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Should the Price of a Speeding Ticket be Based on Your Income?

The main reason most people have a radar detector, or a redlight camera warning system is because the fines associated with a speeding ticket, or for turning right on a redlight can be very expensive. I have met very few people that do not speed occasionally unintentionally, and those redlight cameras are designed to eventually give everyone a ticket. So a radar detector, laser jammer, or camera detector is an investment against the inevitable reality of a ticket and associated insurance premiums.

As more and more cites struggle to make money, in turn there is increased pressure on law enforcement to write more tickets, or for towns to sell their soul to a camera operator. The interesting part of all this is that there are some people that find the financial penalties a bit, well insignificant. So some countries (mostly in Europe) are now scaling the price of the fine based on the income of the driver. In this story, one such person received a $290,000 speeding ticket. He is considered a repeat offender, and is also very wealthy. To him a $200 ticket is a joke.

I wonder how long it will be before you start to hear of this in the US? While I like aspects of this, and scaling a fine to meet a person's income level is perhaps a fair approach, there is room for precedent that could be abused. Also, what would happen if all traffic fines and not just speeding tickets were treated this way? Again it would start fair, but I doubt it will make some of the outrageous fines less for most of us. We will in the end just have to pay more to local city governments because they cannot be financially sound. Many view tickets as easy revenue.

The use of paying fines to modify a person's actions, or to punish poor judgment is a good system. The amount should be enough to actively discourage people, and the risk of a ticket is a good social control mechanism. However, using tickets to make money has allowed the practice to escalate the price of an average speeding ticket to be beyond what many of us are able to pay.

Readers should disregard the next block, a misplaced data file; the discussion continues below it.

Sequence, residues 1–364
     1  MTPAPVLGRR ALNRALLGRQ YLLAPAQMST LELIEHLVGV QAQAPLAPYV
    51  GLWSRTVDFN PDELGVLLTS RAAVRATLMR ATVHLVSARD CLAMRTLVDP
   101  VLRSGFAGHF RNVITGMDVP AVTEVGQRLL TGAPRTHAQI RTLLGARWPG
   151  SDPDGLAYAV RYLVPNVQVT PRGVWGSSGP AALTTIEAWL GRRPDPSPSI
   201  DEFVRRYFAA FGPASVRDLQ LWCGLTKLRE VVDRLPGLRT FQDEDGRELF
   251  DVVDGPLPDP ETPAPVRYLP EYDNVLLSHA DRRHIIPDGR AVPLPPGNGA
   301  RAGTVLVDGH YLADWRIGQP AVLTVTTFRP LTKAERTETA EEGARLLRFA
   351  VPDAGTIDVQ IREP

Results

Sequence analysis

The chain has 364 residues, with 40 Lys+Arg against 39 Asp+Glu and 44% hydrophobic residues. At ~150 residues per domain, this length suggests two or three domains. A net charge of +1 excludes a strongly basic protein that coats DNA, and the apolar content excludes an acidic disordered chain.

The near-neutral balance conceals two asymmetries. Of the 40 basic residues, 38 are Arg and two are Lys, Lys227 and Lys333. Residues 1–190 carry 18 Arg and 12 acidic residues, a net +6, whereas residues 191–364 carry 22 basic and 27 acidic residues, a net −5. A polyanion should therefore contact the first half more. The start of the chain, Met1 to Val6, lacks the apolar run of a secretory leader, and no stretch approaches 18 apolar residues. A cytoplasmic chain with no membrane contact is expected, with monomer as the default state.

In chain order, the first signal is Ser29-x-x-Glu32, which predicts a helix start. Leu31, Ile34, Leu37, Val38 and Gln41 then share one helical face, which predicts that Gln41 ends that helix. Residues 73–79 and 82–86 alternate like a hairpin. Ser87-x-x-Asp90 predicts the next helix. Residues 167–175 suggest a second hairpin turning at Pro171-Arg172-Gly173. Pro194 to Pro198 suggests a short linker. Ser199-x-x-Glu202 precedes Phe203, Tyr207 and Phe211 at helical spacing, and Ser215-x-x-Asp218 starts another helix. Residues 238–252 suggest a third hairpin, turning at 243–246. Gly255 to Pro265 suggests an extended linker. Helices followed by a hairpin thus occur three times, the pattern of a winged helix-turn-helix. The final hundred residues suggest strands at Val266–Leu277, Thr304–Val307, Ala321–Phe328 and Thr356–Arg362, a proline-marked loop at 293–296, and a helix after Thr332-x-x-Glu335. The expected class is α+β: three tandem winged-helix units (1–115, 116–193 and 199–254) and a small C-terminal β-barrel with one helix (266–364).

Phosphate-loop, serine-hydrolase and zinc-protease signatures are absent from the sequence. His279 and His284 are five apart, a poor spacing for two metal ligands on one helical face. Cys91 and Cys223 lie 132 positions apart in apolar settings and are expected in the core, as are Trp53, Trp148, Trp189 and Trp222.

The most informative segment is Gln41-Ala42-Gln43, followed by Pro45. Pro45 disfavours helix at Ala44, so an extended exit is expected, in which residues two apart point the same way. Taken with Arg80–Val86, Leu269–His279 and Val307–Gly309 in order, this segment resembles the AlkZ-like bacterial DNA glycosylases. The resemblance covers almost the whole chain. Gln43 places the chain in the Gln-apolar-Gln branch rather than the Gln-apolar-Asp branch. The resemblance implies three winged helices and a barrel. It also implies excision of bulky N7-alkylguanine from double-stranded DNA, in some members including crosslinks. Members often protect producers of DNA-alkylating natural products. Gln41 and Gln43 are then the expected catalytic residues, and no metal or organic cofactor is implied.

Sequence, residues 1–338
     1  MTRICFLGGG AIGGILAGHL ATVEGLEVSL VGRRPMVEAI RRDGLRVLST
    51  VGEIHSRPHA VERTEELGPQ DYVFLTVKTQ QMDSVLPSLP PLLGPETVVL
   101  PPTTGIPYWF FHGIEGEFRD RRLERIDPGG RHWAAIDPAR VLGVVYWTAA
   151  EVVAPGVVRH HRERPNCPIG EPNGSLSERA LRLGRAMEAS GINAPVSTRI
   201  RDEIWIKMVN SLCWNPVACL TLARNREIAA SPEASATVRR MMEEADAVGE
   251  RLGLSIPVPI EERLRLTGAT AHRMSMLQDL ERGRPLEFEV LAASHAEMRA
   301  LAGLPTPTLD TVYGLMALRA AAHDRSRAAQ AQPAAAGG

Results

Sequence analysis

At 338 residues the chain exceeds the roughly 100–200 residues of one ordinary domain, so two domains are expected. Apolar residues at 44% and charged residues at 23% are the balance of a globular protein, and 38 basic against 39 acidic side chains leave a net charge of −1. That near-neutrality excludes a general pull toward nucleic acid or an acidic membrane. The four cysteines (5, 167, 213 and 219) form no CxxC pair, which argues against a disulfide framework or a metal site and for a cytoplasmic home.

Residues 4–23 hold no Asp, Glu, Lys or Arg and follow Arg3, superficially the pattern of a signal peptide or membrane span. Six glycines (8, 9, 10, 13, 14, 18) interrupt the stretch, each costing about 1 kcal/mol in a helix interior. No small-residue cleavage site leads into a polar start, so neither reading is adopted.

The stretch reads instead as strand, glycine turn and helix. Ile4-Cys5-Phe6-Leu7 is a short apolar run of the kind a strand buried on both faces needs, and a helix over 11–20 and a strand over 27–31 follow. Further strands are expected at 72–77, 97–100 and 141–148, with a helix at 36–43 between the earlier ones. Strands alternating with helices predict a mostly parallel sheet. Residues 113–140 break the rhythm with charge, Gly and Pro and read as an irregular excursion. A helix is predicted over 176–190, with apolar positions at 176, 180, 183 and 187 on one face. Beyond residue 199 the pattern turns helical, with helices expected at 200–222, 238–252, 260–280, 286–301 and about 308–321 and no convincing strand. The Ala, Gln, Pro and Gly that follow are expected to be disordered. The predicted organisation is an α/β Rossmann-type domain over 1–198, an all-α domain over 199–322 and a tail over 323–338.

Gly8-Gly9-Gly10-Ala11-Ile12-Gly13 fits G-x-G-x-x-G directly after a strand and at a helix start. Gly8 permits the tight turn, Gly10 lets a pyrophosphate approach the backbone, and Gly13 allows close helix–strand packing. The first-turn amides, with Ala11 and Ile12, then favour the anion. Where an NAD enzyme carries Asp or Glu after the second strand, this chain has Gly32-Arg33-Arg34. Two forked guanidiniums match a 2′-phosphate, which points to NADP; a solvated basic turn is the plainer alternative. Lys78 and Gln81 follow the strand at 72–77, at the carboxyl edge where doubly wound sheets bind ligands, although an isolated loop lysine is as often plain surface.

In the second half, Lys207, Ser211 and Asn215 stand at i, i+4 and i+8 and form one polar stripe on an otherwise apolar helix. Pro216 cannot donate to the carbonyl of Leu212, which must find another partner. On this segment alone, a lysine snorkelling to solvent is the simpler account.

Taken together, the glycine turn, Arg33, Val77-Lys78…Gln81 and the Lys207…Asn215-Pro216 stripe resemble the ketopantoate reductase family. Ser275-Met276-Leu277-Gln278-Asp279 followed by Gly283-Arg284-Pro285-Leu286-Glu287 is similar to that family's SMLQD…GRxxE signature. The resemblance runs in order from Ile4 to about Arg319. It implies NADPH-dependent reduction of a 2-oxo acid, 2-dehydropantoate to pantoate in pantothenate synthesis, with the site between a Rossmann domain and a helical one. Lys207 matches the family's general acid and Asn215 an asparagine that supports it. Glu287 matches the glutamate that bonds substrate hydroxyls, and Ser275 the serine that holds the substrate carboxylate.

In some states, the ticket for not coming to a complete stop before turning right at a redlight can result in a $450-500 ticket. I recently read on twitter about one person who said they were glad they got around $500 in gifts from their family for Christmas since they need the money to pay for a redlight ticket. With the very deceitful and corrupt practices used by some cities to make money from cameras, I wonder how long it will take for them to base the ticket off of your income? I am rather sure, the price of the tickets will not be less, they are making too much money for that. $20,000 redlight tickets perhaps? And to be clear on this, only a maniac runs a redlight on purpose. Fining them is the least of their problems.

Protecting people from expensive tickets for a lapse in judgment, inanition, or being scammed by a redlight camera vendor is why we are here. We have a large selection of radar detectors, laser jammers, redlight / speed camera warning systems and other protective items. If you have any questions about what is the best radar detector for where you live, or any other questions, give us a call or send an email.

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